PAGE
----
**Prerequisites:** MA 252 [Min Grade: C]

**MA 456. Partial Differential Equations II. 3 Hours.**

Classification of second order partial differential equations; background on eigenfunction expansions and Fourier series; integrals and transforms; solution of the wave equations, reflection of waves; solution of the heat equation in bounded and unbounded media; Laplace's equation, Dirichlet and Neumann problems.

**Prerequisites:** MA 455 [Min Grade: C]

**MA 460. Mathematical Game Theory. 3 Hours.**

This course is an introduction to mathematical game theory for those that have good understanding of calculus. Unlike calculus and optimization, where one learns how to maximize functions when the payoff depends only on your own choices, game theory deals with situations in which payoff depends not only on your own choices but also on the choices of others. Like optimization, game theory is deﬁned by the problems it deals with, not by the mathematical techniques that are used to solve them. These problems come from diverse ﬁelds ranging from evolutionary biology and animal behavior to political science and economics. Examples are drawn from scenarios such as traffic accidents, crime-control strategies, climate change negotiations etc. The course provides substantial treatment of evolutionary game theory, where strategies are not chosen through rational analysis, but emerge by virtue of being successful. This part of game theory requires understanding of calculus and some differential equations and is the most relevant to biology. It also explains how human societies evolve. Problem sets to help develop the ability necessary to master game theory tools will be discussed and assigned at the end of each chapter. Quantitative literacy is a significant component of this course.

**Prerequisites:** MA 125 [Min Grade: C] or MA 225 [Min Grade: C] or MA 168 [Min Grade: C]

**MA 461. Modeling with Partial Differential Equations. 3 Hours.**

Practical examples of partial differential equations; derivation of partial differential equations from physical laws; introduction to COMSOL Multiphysics using practical examples; specialized modeling projects selected from topics such as groundwater modeling, scattering of waves, medical and industrial imaging, traffic flows, continuum mechanics and deformation of solids, Fluid mechanics including the class boat race, financial derivative modeling, and acoustic and electromagnetic wave applications. Written project reports required for homework assignments in addition to online quizzes. Quantitative Literacy and Writing are significant components of this course.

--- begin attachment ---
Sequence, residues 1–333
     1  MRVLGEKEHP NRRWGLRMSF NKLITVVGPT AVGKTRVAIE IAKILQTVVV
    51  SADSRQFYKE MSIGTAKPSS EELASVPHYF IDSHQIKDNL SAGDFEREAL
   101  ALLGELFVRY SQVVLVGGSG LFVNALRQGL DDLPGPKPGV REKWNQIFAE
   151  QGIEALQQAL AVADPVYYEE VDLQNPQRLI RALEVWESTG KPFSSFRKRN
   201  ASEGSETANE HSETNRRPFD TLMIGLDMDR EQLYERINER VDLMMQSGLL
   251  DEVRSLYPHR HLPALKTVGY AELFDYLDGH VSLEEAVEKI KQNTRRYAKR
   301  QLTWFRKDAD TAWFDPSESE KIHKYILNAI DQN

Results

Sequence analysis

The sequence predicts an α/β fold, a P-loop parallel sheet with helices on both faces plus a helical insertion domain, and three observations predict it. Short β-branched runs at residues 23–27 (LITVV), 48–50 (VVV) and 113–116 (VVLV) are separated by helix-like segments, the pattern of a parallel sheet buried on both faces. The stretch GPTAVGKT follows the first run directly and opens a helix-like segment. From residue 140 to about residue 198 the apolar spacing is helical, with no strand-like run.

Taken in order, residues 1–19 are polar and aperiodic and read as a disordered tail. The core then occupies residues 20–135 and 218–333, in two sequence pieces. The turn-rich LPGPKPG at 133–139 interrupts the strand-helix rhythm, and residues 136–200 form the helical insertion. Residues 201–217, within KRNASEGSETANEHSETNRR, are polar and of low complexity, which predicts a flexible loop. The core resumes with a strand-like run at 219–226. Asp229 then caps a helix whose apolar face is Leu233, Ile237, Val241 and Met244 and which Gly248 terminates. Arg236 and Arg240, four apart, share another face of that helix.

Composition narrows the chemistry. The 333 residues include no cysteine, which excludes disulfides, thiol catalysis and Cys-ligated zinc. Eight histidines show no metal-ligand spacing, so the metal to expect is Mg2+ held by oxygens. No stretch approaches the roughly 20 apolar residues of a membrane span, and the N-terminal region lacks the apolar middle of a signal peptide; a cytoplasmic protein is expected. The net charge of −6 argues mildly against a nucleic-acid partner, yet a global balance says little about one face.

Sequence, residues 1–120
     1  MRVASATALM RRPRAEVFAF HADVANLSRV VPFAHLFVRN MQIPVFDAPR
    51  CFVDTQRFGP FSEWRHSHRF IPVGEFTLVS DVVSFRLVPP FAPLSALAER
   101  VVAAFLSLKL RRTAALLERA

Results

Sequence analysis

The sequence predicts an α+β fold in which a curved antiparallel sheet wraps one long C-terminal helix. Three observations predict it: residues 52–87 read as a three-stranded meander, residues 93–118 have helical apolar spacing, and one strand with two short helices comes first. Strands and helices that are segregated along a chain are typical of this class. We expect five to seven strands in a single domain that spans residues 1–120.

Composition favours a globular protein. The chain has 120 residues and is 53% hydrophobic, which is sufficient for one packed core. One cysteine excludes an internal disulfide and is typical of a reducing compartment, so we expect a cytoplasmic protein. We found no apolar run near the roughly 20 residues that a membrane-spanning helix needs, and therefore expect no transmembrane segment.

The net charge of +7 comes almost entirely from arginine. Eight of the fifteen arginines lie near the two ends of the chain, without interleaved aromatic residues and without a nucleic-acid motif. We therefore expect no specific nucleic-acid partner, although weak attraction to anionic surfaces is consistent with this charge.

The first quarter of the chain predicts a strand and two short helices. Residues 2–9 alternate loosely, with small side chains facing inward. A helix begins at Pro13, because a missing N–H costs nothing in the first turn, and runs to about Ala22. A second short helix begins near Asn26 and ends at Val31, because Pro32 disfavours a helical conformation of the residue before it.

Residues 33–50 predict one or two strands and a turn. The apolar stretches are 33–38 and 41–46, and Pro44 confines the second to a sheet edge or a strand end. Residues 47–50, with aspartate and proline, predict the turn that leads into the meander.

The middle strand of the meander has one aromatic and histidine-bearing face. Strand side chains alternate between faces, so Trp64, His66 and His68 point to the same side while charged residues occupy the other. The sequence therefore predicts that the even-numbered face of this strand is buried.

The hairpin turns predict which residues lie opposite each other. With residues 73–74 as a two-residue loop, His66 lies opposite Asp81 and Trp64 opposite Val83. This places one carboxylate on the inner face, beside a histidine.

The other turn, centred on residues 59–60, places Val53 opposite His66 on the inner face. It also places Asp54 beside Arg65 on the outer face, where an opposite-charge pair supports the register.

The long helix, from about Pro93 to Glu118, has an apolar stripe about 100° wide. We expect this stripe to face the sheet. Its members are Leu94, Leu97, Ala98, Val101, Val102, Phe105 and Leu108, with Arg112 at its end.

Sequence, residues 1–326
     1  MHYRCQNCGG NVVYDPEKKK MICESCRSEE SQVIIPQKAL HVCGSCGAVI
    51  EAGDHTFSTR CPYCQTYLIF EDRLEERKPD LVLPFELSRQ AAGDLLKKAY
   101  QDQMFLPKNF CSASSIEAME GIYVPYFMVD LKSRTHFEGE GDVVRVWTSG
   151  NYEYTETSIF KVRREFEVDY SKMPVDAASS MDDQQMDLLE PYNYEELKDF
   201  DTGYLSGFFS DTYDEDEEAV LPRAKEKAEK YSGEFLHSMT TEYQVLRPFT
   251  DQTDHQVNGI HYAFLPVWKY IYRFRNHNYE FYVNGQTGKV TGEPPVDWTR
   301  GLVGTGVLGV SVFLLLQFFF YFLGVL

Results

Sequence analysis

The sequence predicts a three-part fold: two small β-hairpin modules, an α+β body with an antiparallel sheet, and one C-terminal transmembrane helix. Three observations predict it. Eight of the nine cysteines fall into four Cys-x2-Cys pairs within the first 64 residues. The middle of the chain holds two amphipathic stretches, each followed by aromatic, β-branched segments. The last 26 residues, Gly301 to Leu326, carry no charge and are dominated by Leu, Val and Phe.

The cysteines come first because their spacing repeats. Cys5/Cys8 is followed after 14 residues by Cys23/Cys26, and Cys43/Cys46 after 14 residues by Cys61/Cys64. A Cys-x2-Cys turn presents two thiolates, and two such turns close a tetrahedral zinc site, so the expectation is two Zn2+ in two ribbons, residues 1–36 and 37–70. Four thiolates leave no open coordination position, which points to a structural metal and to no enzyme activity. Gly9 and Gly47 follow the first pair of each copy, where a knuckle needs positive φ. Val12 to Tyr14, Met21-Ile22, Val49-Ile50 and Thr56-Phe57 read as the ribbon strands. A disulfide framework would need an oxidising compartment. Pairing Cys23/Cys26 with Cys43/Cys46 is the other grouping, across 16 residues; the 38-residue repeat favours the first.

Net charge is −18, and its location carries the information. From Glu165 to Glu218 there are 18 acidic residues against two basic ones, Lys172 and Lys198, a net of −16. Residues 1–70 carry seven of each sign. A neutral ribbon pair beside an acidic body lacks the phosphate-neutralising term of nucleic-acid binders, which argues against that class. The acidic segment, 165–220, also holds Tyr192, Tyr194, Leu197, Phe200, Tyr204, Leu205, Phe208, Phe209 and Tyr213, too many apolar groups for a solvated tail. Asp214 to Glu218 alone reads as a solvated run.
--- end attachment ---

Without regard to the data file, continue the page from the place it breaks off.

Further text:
**Prerequisites:** MA 252 [Min Grade: C] or MA 227 [Min Grade: C]

**MA 462. Intro to Stochastic Differential Equations. 3 Hours.**

Stochastic differential equations arise when random effects are introduced into the modeling of physical systems. Topics include Brownian motion and Wiener processes, stochastic integrals and the Ito calculus, stochastic differential equations, and applications to financial modeling, including option pricing.

**Prerequisites:** MA 485 [Min Grade: C]

**MA 466. Introduction to Optimization. 3 Hours.**

Optimization is important in many decision making problems in various areas like engineering, economics and machine learning. Optimization theory deals with finding the best solution(s) or variables of a given objective function. Recently, the area of optimization has received much attention due to the development of highly efficient computational methods for data analysis. The scope of this course covers linear algebra, unconstrained optimization, linear programming, and nonlinear constrained optimization. The topics include linear algebra, linear program, duality, network flows, simplex method, non-simplex method, gradient and conjugate methods, neural network, genetic algorithm and convex optimization. The course will also introduce optimization algorithms and codes via python and matlab.